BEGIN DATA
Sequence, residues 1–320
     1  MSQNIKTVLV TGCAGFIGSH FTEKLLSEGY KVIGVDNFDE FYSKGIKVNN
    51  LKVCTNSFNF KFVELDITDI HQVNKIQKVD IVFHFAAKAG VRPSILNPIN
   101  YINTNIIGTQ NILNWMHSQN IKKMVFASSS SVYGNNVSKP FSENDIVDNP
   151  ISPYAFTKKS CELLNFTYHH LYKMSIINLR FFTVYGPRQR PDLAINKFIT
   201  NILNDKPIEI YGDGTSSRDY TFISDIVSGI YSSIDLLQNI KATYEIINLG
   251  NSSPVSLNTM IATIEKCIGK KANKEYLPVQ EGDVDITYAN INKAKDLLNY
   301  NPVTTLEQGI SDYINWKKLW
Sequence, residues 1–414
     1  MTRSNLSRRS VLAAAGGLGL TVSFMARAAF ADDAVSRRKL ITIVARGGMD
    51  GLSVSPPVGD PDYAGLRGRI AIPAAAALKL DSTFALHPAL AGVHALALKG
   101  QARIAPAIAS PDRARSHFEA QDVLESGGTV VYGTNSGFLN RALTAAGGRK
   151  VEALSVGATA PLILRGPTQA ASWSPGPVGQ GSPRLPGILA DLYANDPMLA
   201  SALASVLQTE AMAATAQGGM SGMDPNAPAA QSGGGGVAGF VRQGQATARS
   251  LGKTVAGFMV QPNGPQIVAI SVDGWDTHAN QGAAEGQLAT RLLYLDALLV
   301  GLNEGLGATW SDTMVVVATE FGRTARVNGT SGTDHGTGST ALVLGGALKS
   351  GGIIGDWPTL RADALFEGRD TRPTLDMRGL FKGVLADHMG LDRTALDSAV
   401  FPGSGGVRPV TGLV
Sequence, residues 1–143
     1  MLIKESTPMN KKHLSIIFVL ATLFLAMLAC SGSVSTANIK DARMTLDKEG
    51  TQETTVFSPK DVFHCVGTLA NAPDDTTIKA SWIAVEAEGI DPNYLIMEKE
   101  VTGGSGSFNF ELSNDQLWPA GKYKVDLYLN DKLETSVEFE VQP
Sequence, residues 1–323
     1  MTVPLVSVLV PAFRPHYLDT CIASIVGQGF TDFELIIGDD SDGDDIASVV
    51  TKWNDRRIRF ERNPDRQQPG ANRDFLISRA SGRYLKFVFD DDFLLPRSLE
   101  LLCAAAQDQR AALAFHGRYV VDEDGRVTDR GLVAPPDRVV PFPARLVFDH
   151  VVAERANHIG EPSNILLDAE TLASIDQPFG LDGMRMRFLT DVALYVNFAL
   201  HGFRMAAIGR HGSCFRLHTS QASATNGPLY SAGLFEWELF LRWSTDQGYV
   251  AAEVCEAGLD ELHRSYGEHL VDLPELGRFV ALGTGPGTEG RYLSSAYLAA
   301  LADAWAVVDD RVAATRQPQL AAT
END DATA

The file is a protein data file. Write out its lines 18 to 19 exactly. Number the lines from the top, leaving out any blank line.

   401  FPGSGGVRPV TGLV
Sequence, residues 1–143